“The importance of confirming judges is no excuse for his failure to exercise his committee’s oversight authority to investigate the most serious ethics and corruption scandals in Supreme Court history, especially when the few judges Durbin hopes to confirm before November would inevitably see their rulings shredded by the Court’s captured right-wing supermajority in service to its billionaire backers,” Aronson said.

Durbin’s staff said he wasn’t available for comment. He has previously defended his record on Supreme Court ethics by pointing to multiple hearings his committee has held on the court, subpoenas issued and letters prodding the court to act on ethics issues.

Durbin appeared to make a nod to the bubbling concerns of his left flank Wednesday by attempting to expedite passage of the Supreme Court Ethics, Recusal, and Transparency (SCERT) Act. The bill would require the court to adopt a binding code of ethics and establish a mechanism to investigate alleged violations among other changes.

The Supreme Court adopted a new ethics code in November, but Democrats complain it is toothless because it does not have an enforcement mechanism.

“Our faith in the character and impartiality of our judges is essential to the functioning of our legal system and our constitutional form of government,” Durbin said on the Senate floor Wednesday. “But that faith requires judges, especially Supreme Court justices, to conduct themselves in a way that inspires public confidence.”

A unanimous consent vote, a largely symbolic effort since it only required a single Republican to block the measure, was scuttled by Sen. Lindsey Graham (R-S.C.), who also sits on the Judiciary Committee. Graham said the bill threatened the independence of the judiciary.

“Let’s be clear, this is not about improving the court, this is about undermining the court,” Graham said. “This would be an unconstitutional overreach.”

Durbin also announced action on another oversight issue, which pleased progressive activists including Aronson. The Judiciary Committee had issued subpoenas for Texas billionaire Harlan Crow and conservative activist Leonard Leo in November related to their interactions with the justices, but had not enforced them. The committee reached a deal with Crow on Thursday in which he disclosed he paid for an additional three trips on a private jet by Thomas.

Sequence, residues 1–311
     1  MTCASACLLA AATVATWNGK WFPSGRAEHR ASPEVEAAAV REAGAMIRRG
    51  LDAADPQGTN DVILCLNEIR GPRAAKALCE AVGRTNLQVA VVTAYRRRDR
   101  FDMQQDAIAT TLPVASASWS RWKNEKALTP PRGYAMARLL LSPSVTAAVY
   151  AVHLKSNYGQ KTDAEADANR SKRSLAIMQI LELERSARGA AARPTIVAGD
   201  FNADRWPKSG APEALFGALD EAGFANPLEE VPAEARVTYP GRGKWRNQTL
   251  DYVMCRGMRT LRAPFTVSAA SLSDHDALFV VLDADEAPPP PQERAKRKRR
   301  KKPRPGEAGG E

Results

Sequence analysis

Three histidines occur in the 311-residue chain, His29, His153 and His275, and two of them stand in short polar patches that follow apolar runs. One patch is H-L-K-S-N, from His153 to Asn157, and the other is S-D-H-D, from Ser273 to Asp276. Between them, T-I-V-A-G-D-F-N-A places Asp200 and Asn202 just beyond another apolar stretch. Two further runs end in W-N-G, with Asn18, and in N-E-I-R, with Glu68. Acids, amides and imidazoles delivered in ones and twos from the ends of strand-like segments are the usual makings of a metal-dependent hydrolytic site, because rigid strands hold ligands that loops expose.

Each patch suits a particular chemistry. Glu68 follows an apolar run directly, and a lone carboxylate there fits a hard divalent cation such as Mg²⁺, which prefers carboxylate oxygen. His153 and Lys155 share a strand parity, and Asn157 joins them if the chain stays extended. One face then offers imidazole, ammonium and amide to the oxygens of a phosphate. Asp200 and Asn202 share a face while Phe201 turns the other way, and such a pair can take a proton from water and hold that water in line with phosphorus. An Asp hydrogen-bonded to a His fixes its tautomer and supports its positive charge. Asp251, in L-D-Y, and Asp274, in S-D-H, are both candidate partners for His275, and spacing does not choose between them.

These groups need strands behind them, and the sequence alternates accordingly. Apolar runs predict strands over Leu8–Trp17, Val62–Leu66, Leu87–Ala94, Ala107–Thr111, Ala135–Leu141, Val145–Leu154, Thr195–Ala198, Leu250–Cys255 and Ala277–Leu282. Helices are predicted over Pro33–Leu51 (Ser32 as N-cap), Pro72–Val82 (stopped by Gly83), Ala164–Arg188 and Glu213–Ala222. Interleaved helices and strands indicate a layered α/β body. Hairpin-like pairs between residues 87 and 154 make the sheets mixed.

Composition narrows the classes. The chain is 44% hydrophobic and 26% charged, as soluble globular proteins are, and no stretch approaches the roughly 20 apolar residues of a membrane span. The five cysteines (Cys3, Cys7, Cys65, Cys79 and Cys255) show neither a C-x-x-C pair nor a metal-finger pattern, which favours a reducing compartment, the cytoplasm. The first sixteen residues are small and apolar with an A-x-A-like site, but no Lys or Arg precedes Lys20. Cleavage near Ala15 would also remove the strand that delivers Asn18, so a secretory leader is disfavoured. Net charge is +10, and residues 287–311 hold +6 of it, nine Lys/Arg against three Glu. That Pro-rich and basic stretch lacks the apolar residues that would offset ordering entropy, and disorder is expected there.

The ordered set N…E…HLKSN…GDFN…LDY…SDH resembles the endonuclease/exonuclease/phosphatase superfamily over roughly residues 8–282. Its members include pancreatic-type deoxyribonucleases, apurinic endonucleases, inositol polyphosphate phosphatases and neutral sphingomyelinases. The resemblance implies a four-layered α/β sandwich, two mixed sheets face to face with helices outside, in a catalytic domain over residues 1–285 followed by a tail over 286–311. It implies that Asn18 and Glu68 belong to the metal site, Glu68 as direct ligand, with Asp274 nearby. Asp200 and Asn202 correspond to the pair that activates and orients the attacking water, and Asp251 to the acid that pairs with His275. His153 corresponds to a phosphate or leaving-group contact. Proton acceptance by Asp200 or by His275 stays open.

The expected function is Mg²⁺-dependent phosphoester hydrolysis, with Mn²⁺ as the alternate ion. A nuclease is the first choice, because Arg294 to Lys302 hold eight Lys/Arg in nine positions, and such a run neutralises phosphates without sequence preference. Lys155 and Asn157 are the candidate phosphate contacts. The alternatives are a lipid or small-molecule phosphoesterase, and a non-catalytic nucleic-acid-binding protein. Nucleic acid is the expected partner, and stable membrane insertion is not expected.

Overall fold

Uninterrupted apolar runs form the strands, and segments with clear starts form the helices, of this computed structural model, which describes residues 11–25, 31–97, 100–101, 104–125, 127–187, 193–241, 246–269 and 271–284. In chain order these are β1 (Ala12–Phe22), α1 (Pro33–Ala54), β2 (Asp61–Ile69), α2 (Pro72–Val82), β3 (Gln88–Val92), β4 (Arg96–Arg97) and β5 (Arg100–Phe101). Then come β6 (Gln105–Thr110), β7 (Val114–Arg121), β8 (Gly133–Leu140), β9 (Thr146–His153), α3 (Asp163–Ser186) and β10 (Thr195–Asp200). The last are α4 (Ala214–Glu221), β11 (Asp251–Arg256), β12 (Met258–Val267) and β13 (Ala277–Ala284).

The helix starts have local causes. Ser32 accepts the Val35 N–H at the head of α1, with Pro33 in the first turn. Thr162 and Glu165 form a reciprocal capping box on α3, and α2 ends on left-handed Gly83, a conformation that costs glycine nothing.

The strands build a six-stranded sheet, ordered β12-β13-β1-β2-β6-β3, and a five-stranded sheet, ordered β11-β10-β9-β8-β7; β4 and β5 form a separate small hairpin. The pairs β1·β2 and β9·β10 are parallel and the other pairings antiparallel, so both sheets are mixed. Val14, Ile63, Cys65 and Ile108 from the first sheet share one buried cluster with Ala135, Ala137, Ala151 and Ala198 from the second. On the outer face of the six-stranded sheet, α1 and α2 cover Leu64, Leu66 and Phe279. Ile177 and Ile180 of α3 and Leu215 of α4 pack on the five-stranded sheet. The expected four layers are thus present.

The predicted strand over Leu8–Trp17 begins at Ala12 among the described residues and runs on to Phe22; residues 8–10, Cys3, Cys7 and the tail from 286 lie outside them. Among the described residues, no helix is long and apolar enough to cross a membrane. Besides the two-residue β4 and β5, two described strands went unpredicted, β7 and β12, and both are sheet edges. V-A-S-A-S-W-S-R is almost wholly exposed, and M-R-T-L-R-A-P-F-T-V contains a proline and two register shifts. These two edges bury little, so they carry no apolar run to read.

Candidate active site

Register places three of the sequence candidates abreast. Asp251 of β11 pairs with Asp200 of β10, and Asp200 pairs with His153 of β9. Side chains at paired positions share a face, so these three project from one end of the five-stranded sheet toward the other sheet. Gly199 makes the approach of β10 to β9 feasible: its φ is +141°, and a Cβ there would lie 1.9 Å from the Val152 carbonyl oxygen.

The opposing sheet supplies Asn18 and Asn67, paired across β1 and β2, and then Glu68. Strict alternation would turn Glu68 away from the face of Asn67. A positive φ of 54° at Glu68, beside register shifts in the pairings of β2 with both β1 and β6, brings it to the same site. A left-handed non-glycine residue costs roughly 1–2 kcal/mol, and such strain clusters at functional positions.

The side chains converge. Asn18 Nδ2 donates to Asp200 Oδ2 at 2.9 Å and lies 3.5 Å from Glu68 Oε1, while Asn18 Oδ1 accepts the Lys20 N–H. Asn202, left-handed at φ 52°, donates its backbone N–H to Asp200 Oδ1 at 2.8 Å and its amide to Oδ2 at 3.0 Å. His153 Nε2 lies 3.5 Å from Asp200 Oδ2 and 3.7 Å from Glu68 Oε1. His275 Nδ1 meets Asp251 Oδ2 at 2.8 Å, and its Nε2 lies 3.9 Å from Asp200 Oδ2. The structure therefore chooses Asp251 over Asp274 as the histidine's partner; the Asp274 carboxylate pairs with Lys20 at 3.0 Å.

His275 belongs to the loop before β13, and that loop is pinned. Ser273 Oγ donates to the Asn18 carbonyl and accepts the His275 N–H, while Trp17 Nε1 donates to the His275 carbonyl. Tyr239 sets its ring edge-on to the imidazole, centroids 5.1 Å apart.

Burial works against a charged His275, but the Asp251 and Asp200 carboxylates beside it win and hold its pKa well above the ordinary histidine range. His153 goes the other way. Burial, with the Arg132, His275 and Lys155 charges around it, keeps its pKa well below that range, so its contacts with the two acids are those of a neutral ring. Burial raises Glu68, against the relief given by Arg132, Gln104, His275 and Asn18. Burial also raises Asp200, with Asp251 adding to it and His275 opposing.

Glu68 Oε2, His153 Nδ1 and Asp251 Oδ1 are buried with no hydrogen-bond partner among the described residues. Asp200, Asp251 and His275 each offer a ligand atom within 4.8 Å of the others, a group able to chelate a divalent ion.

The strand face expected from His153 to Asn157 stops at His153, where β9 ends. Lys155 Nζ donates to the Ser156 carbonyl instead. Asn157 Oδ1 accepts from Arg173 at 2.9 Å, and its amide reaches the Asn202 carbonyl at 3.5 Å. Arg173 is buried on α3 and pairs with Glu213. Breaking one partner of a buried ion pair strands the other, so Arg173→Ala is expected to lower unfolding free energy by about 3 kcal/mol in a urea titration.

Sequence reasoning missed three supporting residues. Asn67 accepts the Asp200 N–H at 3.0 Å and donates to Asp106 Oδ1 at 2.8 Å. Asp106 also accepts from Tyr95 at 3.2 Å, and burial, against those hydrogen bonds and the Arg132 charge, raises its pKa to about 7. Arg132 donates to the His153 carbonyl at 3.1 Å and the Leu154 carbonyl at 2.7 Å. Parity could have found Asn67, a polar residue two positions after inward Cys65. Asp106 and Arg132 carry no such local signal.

The move came one day after Democrats on the House Oversight and Accountability Committee held a hearing, hoping to build momentum for action on Supreme Court ethics.

Reps. Jamie Raskin (D-Md.) and Alexandria Ocasio-Cortez (D-N.Y.) took turns blistering conservatives on the court Wednesday, citing their acceptance of unreported travel, tuition for relatives and other perks.

“The Supreme Court is currently facing a great crisis of legitimacy and it is a crisis of its own making,” Ocasio-Cortez said.

Raskin and Ocasio-Cortez announced they would introduce legislation limiting gifts to justices to $50, the same cap that applies to Congress.

Thomas revised his financial disclosures this month, saying he “inadvertently omitted” travel to Indonesia and California paid for by Crow. ProPublica, which first reported the trips, estimated the trip to Bali alone cost more than $500,000 and included a cruise on a 162-foot superyacht.

“The highest court in the land today has the lowest ethical standards,” Raskin said.


A previous version of the caption with this article’s photo misidentified the woman to the right of Justice Samuel A. Alito Jr. She is Virginia Thomas, not Martha-Ann Alito. The caption has been corrected.